During the first half of the semester, you learned some techniques and concepts to help you polish your reading, writing, and Workshopping skills. Now it’s time to apply them and master them so that once this class is over, you can create and facilitate your own Writers’ Workshop and continue to grow as a writer. As practice, and to facilitate the creation and revision of your award-winning poem, your Workshop group now has the opportunity to create your own learning module for the next few weeks! (You may use your group’s planning GoogleDoc--where I have set up areas for all of the following tasks--and Discussion Forum as your “home bases” for this project--you may also create others as necessary.)

First, share (with your group--see suggestions in planning GooglDoc) your ideas for how you can work together to deepen your understanding and writing of poetry during these three weeks, as you draft and revise your poem. Then, as a group, agree on some common goals/activities (i.e., milestones) for this three-week project, to ensure that it will be meaningful and productive (you may review some best practices, in the table below, if you wish).  Remember to zero in on your poetry "trouble" spots (i.e., those areas identified as weaker ones for you, in the feedback from Melanie and your colleagues during the "Poetry Round-One" Workshop.  Finally brainstorm a list of tools, resources, and techniques available (through this course and the “outside” world) to help your group on your journey to those winning poems.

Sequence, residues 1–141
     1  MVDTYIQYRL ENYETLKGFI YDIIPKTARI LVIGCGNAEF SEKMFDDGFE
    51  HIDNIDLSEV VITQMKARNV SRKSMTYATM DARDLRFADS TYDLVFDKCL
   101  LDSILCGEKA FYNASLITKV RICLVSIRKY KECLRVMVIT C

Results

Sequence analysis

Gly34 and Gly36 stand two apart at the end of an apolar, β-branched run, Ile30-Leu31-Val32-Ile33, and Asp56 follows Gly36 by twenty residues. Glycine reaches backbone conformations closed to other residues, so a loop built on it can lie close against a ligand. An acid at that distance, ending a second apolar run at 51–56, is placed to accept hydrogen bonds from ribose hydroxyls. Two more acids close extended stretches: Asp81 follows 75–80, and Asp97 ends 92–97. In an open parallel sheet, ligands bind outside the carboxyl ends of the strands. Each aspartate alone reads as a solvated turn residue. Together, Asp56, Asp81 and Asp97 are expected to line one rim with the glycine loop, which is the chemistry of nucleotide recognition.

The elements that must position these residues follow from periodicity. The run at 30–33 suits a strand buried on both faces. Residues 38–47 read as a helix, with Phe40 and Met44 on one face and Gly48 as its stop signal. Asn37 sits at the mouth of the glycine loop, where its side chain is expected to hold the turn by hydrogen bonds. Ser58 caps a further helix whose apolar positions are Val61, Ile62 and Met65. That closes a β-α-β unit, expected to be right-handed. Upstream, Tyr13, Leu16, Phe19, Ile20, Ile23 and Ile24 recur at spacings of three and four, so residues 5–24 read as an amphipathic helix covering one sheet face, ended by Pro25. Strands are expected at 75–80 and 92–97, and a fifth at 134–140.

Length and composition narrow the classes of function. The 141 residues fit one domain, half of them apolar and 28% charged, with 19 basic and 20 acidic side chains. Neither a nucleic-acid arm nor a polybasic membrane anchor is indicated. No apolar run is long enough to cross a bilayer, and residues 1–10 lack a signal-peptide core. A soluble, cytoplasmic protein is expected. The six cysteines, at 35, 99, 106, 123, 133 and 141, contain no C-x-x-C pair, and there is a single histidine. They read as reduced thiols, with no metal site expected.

The following are tasks (organized by course SLOs) that lifelong and “professional” writers do to improve our reading, Workshopping, and writing skills:  

To “integrate the main concepts in the writing of poetry, fiction and screenwriting/playwriting” (SLO #1), we LEARN, REFLECT ON, AND INTEGRATE MAIN CONCEPTS ELEMENTS (see rubrics):